The Taoiseach has said he does not expect that the issue of the three Irishmen sentenced in Colombia for terrorist offences, will have any impact on the Northern peace process, unless someone tries to make it an issue.
Speaking at the EU summit in Brussels, Mr Ahern said the Irish Government's role had been a consular one, and he had limited his interventions to pressing the Colombian government for an early hearing of the men's appeal.
He said this was done on the basis of accepting the separation of the judiciary from the executive in Colombia.
While expressing surprise at the outcome, he said he accepted the decision of the judges, and said the three men should return to Columbia to mount a legal challenge.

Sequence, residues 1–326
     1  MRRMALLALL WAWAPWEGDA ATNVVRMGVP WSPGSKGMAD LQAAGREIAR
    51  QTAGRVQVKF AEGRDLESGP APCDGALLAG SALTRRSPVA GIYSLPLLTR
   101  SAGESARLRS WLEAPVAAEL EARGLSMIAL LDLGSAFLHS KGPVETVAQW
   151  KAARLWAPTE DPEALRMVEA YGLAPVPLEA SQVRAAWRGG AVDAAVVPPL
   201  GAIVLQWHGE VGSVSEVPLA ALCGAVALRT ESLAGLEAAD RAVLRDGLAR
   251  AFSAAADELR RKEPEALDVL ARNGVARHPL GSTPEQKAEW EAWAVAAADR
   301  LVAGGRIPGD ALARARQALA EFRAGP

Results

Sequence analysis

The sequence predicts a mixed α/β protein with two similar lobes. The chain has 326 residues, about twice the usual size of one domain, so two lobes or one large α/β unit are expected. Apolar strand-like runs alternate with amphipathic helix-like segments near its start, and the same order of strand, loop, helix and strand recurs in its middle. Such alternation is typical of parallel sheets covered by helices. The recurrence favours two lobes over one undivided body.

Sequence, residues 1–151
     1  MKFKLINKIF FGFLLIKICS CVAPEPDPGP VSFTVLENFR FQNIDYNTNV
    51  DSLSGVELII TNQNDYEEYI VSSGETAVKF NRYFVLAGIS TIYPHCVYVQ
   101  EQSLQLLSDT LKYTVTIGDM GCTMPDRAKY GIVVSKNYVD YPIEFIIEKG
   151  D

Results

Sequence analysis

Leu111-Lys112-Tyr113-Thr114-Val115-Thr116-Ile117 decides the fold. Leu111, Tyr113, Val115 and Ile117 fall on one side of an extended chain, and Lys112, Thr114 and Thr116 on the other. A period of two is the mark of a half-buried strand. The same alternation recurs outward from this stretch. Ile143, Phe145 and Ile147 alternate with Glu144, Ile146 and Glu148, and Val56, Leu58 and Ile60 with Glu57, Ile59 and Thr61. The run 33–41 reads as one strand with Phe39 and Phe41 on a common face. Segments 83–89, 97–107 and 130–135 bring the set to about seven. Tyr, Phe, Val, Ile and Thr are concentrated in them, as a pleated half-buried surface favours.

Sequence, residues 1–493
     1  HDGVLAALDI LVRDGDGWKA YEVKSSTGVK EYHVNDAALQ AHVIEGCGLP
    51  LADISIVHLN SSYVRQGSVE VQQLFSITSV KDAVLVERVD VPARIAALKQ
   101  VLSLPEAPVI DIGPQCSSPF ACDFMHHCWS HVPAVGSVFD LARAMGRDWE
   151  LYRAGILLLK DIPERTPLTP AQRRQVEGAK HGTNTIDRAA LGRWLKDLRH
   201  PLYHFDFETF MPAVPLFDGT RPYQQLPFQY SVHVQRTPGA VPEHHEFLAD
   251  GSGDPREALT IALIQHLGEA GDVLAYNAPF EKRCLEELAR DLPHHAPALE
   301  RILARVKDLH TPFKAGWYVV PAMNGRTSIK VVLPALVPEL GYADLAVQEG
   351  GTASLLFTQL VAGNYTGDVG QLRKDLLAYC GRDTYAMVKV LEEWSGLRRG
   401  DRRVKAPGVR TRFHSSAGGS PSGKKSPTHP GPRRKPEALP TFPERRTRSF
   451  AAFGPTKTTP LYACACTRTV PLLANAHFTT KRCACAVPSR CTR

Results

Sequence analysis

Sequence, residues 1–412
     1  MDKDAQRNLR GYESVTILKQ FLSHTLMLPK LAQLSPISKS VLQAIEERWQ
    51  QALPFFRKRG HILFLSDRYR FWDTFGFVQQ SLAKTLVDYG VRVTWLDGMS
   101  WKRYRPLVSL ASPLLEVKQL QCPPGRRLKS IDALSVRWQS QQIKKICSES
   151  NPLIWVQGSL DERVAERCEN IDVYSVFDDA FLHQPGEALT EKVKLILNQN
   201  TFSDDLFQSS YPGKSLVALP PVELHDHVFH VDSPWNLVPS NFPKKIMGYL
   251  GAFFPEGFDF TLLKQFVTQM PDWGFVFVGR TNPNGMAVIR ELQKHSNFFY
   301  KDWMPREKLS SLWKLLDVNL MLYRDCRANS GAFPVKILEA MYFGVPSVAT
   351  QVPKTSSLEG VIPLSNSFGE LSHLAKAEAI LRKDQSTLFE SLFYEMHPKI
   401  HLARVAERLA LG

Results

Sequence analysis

The Department of Foreign Affairs confirmed that it has had no contact with the three men since they were released on bail in April.
The department said the families of the men had also heard nothing from the three.
Meanwhile the Tánaiste, Mary Harney, has said she has no reason to believe that a miscarriage of justice was involved in the case of the three men.
James Monaghan, Niall Connolly and Martin McCauley were sentenced to 17 years' imprisonment yesterday after a court in the capital, Bogota, reversed a not guilty verdict on the charge.
It was earlier reported by Colombian authorities that the three fled the country before they could be re-arrested.
Colombia's Attorney-General, Luis Camilo Osorio, said they were trying to find out what country had received them.
Mr Osorio said he believed it was possible to capture the men and that the international community was under an obligation to help in doing so.